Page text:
U.S. Senate HELP Committee Introduces Bipartisan Opioid Crisis Response Bill
This week, Senators Lamar Alexander (R-Tennessee) and Patty Murray (D-Washington), Chair and Ranking Member of the U.S. Senate Committee on Health, Education, Labor, and Pensions (HELP), respectively, introduced the “Opioid Crisis Response Act of 2018.” The measure, S. 2680, is the result of 40 various proposals from Republican and Democratic Senators, seven bipartisan hearings over several months, and input from stakeholders and the general public.
Generally speaking, the measure aims to address the significant nationwide opioid epidemic by improving the ability of various federal departments and agencies, including the Department of Health and Human Services and the U.S. Centers for Disease Control and Prevention (CDC), to respond to the crisis through additional funding, research and innovation, medical product and prescription drug safety, treatment and recovery services, and prevention activites. Notable provisions of the Opioid Crisis Response Act include:
- Authorization for the CDC to issue expanded grants to states, localities, and tribes to establish or enhance evidence-based prevention activities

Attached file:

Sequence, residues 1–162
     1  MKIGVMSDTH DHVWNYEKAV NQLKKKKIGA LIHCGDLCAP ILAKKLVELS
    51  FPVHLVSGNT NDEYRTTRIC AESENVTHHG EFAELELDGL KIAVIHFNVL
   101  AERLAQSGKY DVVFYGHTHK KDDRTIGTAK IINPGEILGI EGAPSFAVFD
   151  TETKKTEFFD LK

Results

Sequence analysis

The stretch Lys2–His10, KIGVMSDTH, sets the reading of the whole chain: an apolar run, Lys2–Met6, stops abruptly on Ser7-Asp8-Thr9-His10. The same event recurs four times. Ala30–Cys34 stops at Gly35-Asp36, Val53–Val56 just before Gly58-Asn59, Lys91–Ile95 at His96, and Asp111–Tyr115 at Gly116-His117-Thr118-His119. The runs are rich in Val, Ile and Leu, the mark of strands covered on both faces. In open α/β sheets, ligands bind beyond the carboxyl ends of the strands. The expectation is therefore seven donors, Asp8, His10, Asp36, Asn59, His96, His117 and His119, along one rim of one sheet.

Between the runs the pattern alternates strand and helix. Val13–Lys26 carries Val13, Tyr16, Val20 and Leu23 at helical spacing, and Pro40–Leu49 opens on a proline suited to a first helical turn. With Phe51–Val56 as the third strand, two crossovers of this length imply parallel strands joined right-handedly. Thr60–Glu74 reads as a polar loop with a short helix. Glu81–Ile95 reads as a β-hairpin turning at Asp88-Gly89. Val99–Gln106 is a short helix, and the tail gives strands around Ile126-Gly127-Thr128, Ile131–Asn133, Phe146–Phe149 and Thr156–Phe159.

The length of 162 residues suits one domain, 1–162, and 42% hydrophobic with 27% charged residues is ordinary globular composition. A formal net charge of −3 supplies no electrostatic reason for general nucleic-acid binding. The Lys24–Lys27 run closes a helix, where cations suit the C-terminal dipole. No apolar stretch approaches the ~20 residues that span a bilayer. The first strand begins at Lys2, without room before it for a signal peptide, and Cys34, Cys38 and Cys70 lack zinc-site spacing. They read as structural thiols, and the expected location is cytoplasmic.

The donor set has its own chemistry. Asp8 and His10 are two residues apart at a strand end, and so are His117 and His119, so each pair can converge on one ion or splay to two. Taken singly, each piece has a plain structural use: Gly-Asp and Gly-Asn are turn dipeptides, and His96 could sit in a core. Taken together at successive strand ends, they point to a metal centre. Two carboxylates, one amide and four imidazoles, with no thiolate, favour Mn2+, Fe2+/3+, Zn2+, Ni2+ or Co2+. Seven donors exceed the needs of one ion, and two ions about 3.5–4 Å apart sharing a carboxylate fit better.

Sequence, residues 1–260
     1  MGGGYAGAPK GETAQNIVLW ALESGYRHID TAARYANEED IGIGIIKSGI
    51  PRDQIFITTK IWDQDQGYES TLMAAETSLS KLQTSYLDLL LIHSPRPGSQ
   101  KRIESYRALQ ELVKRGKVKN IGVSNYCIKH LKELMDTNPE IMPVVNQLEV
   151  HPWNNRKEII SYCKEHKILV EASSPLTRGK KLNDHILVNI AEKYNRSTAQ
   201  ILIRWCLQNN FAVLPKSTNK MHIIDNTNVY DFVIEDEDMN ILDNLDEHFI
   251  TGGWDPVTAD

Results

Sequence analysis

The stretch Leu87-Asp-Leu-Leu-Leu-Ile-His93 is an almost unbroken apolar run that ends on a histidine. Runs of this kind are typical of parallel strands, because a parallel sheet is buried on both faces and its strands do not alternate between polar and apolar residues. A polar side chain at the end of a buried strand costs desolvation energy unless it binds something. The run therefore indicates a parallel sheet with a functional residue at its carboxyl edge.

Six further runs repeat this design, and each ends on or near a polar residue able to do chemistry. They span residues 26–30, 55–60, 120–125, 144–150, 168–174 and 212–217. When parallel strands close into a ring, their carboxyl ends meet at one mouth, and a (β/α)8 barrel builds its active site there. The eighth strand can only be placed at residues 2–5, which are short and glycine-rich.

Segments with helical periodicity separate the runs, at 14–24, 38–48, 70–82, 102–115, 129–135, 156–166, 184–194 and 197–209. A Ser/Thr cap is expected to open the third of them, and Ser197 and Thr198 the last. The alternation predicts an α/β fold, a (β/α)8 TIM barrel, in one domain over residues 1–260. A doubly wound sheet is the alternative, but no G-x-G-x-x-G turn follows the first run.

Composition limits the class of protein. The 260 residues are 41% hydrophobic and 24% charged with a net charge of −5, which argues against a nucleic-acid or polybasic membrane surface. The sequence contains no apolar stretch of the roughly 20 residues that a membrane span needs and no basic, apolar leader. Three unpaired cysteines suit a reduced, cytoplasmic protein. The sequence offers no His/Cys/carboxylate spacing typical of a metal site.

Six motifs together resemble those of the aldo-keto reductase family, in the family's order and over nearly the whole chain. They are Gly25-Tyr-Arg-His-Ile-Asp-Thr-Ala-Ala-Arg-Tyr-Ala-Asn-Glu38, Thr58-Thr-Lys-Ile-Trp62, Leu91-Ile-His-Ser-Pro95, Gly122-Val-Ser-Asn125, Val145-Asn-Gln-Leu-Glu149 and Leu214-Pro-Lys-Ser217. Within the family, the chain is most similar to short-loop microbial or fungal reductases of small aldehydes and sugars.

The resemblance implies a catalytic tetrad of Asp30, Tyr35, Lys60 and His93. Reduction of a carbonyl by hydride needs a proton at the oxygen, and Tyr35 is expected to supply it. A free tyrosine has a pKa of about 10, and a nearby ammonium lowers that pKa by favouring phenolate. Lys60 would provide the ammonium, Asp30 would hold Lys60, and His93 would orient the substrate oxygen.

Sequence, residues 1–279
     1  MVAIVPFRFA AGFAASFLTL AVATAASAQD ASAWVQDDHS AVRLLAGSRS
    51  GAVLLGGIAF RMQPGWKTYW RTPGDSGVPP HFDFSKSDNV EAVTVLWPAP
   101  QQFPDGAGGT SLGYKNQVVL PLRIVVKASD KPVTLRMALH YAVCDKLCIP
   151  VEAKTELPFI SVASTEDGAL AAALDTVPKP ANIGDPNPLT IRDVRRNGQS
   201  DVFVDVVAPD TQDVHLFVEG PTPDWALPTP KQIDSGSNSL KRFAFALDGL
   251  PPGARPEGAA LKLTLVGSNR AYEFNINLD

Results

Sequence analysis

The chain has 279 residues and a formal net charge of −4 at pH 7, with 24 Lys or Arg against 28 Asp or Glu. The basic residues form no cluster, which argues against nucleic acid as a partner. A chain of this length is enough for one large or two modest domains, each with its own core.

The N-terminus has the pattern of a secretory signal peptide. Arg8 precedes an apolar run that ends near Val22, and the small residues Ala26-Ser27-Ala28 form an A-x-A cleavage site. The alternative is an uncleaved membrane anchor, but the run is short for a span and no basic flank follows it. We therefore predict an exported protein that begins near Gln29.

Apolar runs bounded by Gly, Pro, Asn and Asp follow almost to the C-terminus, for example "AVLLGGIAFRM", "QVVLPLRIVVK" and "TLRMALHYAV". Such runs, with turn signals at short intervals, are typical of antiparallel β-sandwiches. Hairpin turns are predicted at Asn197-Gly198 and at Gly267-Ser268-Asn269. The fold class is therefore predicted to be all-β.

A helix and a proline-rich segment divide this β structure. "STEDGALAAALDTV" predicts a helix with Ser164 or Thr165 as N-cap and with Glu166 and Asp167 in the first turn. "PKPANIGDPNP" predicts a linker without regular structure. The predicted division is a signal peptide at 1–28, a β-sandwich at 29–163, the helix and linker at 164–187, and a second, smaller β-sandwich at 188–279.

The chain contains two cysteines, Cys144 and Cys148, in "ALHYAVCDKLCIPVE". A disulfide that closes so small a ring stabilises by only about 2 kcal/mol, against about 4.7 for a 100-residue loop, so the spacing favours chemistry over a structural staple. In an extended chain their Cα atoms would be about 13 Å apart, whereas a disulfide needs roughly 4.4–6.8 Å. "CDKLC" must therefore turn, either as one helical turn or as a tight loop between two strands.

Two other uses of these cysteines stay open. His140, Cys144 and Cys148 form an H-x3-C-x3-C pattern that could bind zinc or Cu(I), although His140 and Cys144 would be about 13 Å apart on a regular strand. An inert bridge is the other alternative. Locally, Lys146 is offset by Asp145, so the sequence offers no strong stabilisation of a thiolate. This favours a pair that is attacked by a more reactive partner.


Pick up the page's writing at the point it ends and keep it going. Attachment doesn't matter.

- Authorization for the CDC to support states in collecting and reporting data related to adverse childhood experiences (ACEs) through public health surveys
- Public and health care provider education and awareness outreach around opioid prescription risks and prescribing guidelines
- Three-year reauthorization and expansion of grants initially authorized in the 21st Century Cures Act to states and Indian Tribes most significantly impacted by the crisis for prevention, response, and treatment activities
- Grant programs and best practices for comprehensive opioid recovery centers and opioid addiction recovery housing facilities
- Increased flexibility to the National Institutes of Health (NIH) to research and develop non-addictive painkillers and other strategies to prevent, treat, and manage pain and substance use disorders
- Clarification of FDA authority to encourage responsible prescribing behavior and require packaging and disposal options for specified prescription drugs
- Authorization for the Department of Labor to address the economic and workforce impacts to communities affected by the opioid crisis, including mental health and health care workforce shortage grants
The expansive bill also includes strategies to address the rise in illicit synthetic opioid drugs, such as fentanyl, trauma-informed care necessary for conditions associated with addictions, and access to health services for mental health and substance use disorders.